Lesson No. 7: Time-Depth Charts
Published:January 01, 1959
The most universally accepted method of converting travel-times of reflected events to subsurface depths is that embodying the use of the so-called time-depth charts. After a set of reflection records have been studied for traveltimes and what we might term “correlatability,” and after corrections for weathering and low-velocity layer have been applied, the resulting travel-times of the reflections are interpreted in terms of depth by means of such charts.
As a result of what we have learned in our preceding lessons, we are now in a position to discuss the simplest form of these time-depth charts, which is also the most useful and important. If we assume that the reflection has come from a horizontal bed at a depth h with a uniform velocity v, the travel-time t is given, as we have seen, by the relation in which x is the distance from the shot-point to the receiving point.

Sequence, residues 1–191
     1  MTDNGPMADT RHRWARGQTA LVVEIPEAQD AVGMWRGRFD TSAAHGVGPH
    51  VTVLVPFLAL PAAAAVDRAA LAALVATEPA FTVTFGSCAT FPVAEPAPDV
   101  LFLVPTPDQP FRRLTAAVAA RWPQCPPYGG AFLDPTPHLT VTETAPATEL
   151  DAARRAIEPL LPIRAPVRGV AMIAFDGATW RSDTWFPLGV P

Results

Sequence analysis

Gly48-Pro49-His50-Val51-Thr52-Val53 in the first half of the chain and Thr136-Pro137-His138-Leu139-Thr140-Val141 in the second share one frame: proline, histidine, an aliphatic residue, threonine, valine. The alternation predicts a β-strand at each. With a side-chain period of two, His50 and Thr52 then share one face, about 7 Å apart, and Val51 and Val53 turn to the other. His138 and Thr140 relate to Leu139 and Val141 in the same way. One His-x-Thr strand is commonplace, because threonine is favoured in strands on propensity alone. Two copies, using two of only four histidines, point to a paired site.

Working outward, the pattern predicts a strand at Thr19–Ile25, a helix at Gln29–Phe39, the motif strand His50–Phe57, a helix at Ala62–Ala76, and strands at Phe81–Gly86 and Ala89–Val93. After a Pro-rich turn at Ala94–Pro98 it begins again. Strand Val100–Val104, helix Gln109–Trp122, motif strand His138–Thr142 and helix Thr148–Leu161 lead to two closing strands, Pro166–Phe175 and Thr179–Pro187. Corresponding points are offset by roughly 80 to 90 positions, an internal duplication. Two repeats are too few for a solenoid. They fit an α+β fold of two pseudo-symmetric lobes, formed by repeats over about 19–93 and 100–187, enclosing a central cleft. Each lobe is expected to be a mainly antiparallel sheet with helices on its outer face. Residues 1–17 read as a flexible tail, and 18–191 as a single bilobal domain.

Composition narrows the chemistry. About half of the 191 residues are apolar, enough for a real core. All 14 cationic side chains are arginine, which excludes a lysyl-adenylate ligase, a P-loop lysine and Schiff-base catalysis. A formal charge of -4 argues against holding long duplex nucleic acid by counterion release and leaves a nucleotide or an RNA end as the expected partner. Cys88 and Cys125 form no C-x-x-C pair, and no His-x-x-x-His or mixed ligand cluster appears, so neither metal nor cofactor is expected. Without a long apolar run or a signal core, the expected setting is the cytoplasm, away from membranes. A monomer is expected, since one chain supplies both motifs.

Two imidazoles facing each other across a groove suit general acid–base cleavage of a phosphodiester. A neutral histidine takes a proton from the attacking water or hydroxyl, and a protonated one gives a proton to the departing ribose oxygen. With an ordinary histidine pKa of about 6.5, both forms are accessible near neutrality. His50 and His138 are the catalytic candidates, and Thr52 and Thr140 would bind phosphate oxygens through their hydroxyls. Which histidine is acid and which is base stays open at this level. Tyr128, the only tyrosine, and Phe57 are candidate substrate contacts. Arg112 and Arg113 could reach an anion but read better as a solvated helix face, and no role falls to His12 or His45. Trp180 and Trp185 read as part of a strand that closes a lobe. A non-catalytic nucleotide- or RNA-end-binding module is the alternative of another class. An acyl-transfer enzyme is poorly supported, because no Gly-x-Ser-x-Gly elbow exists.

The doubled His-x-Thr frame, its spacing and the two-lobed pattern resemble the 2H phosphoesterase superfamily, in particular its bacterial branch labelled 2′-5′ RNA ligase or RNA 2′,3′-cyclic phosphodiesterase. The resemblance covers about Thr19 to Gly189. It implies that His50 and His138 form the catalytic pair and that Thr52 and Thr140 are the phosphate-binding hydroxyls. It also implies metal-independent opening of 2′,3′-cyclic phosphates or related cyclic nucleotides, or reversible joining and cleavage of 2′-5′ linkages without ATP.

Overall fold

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Lessons in Seismic Computing
“An elementary text and problem book containing 44 lessons in seismology arranged for selection or combination to cover the normal 36-week course, or for condensation into an 18-week course. The lessons begin without assuming more than secondary school mathematics. An elementary knowledge of calculus is desirable, though not required, for the last half of the book.”